Desde el comienzo de la historia, las personas hicieron “publicidad”. Pero como disciplina/profesión ha evolucionado rapidísimo.
Un slogan con el que me encontré el día de hoy fue “MY WORK SPEAKS FOR ITSELF” o bien “MI TRABAJO HABLA POR SÍ SOLO”… Una frase contundente y fácil de recordar. No estoy seguro si lo inventó Sailor Jerry, pero este fue el dato que encontré.
Sailor Jerry fue un afamador tatuador americano nacido en Reno y su técnica estaba vinculada a los marineros y con un estilo muy particular.
Si quieren saber más sobre este artista fallecido en los 70s´, entren a este link.
Jacques Séguéla es uno de los padres de la publicidad francesa (y mundial). Hacer recuento de sus méritos en la industria es una tarea laboriosa, porque lo ha sido todo. La gente de Havas quiso hacerle un regalo para celebrar sus 80 cumpleaños y, a alguien como él, no cabe menos que hacerle una estatua. Pero una estatua como siempre ha sido él: cercano, de su tiempo y que vaya de un lado a otro. Y éste fue el regalo.
Una estatua en 3D edición especial – 80 aniversario.
vía Wonderful Brands.
Por Guido Morcillo
Emory Leeson, un creativo publicitario, sufre un colapso nervioso y comienza a diseñar anuncios contundentes y subidos de tono para su jefe.
Por error, sus anuncios se publican igual con titulares como:
Estos anuncios fueron un éxito y su jefe le pide a los demás empleados que generen otras piezas con estas mismas características sin resultado alguno. Es allí cuando a Emory Leeson le piden que (desde el hospital psiquiátrico) comience a diseñar nuevas piezas. Por ello, Emory recluta a los demás compañeros del psiquiátrico para fomentar su creatividad y nacen piezas como:
Greek travel agency — Forget Paris. The French can be annoying. Come to Greece. We’re nicer.”
Para una nueva película de terror —- “It won’t just scare you, it will fuck you up for life!”
Ante estos “exitosos” slogans los compañeros del hospital de Emory, se ven motivados y muy felices por sentirse necesarios y productivos como una nueva e innovadora agencia publicitaria.
Luego de que la vean, espero comentarios en este post! 😉
Luego de seguir parte de los premios por facebook, dieron los resultados.
En marketing directo publicaron el siguiente gráfico:
|AWARDS SUMMARY BY COUNTRY|
|UNITED ARAB EMIRATES||23|
Facebook is testing and will soon launch Facebook Exchange, a real-time bidding ad system where visitors to third-party websites are marked with a cookie, and can then be shown real-time bid ads related to their web browsing when they return to Facebook. This retargeting option could be a huge money maker for Facebook as it will allow for more relevant direct advertising.
For example a travel site could serve ads about a flight to Hawaii to someone who almost bought a flight on their site. Advertisers might pay big premiums for highly-accurate targeting. Users will be able to opt out of Facebook Exchange via third-party demand-side platforms, but they can’t opt out of the program completely from within the social network.
Facebook just notified TechCrunch that Exchange is currently in testing with eight advertising demand-side platforms, and it will become more widely available in the next few weeks for traditional Facebook sidebar ads charged at cost-per-thousand-impressions, but not Sponsored Stories or mobile.
The demand-side platforms currently testing Facebook Exchange, or FBX as some Facebook employees are calling it internally, are: TellApart, Triggit, Turn, DataXu, MediaMath, AppNexus, TheTradeDesk, and AdRoll.
Here’s how Facebook Exchange works:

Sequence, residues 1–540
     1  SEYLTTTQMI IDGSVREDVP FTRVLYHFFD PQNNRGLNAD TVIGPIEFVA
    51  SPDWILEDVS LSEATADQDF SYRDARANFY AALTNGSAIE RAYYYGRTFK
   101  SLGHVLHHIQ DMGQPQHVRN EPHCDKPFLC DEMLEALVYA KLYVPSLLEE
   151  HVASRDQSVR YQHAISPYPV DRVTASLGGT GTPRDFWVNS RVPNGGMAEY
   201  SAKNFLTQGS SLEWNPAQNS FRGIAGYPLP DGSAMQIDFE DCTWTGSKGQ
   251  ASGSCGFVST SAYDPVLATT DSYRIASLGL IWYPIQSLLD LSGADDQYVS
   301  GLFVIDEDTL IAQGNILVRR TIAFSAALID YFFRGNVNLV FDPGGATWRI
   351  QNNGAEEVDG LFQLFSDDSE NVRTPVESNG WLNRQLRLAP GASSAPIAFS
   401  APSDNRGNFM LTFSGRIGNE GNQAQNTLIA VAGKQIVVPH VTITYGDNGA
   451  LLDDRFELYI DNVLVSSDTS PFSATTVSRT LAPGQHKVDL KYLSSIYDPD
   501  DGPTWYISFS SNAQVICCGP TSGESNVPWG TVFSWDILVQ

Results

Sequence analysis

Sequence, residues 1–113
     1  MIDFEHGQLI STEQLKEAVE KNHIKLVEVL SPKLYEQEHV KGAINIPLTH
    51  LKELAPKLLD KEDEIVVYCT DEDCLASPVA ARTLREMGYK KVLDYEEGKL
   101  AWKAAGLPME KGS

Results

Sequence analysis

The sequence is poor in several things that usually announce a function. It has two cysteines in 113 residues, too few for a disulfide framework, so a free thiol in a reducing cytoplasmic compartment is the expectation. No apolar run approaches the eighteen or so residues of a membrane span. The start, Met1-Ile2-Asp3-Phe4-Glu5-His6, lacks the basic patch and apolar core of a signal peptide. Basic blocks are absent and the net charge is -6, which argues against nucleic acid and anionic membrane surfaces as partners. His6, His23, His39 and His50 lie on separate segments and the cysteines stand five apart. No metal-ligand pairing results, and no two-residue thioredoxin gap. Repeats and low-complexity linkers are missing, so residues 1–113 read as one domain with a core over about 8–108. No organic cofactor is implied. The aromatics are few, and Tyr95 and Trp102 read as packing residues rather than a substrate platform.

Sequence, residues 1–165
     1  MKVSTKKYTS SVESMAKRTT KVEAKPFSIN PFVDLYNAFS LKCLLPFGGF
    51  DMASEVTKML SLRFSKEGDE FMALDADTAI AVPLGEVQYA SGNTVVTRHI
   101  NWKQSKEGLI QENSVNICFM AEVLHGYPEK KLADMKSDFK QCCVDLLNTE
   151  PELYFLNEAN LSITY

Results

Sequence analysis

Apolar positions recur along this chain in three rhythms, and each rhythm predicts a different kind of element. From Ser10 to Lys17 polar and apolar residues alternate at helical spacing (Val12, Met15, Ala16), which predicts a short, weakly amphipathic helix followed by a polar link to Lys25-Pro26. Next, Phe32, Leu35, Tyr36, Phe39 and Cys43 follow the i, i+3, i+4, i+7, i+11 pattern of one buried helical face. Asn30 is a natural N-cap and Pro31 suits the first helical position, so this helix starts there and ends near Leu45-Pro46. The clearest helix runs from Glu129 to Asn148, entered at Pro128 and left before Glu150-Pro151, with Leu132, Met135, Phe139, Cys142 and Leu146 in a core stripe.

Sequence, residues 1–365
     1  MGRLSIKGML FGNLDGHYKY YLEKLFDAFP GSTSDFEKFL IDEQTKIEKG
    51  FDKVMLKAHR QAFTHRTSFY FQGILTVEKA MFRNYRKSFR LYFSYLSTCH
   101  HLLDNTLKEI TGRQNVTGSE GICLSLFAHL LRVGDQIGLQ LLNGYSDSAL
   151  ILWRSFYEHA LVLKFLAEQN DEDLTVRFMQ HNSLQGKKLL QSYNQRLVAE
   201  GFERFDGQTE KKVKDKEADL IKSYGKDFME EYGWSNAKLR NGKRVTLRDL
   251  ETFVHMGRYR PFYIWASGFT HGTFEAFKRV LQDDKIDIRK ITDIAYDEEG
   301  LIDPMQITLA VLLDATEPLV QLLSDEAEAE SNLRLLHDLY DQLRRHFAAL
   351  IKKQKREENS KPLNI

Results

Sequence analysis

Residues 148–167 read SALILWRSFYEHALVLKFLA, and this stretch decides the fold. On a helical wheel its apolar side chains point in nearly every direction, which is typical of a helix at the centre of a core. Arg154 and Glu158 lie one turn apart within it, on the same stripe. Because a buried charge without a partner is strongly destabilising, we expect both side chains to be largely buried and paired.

- A user visits a travel site that’s hired a DSP rigged up with Facebook Exchange
- A cookie is dropped on that user’s computer, typically when they’ve shown purchase intent
- If the user fails to make a purchase, or the advertiser wants to market to them more, the DSP contacts Facebook and gives them the user they wish to target’s anonymous User ID
- The advertiser pre-loads creative for ads that would target that user
- When the user visits Facebook it recognizes the cookie dropped by the DSP
- The DSP is notified and allowed to make a real-time bid to show the user ads
- The DSPs with the highest bids get their highly-targeted ads shown to the user
- If the user disapproves of being shown the ad and ‘X’s it out, they’re shown a link to the DSP where they can opt out of future Facebook Exchange ads
Facebook’s Annie Ta tells me the idea behind Exchange is to let advertisers show users more relevant ads. To date, Facebook has been generally viewed as a home for institutional or brand advertising. However, it’s seen as much less useful to direct marketers than search ads because users on Facebook haven’t shown purchase intent as when they search for a related keyword on engines like Google.
Facebook Exchange could change all that.
For example, Ford could drop a cookie on a user who looks at the new Escape SUV on its website, but doesn’t request a local quote. Then Ford could bid to show that user ads stating “Ford Escape: Just $21,000″. These would be much more relevant than generic Ford ads showing sedans or trucks that the user might not be interested in. And Ford would likely be willing to pay a high price to reach that qualified lead.
[Update: As Bloomberg’s Douglas MacMillan notes, FBX could also power time-sensitive advertising because ads are bid on and delivered to users in real-time as the browse the site. That permits urgent advertising, such as ads directing users to a turn on currently airing TV show or sporting event.]
Facebook may make some users uneasy in order to cash in on this new revenue stream, though. Cookie-based ad retargeting is common across the web, and Facebook is going the protecting privacy by not allowing advertisers to combine cookie retargeting with the with the extensive biographical, social, and behavioral data Facebook has on its users. Still, some people just dislike being targeted. Those people will be able to use a third-party opt-out on the sites of demand-side platforms to stop receiving the cookies.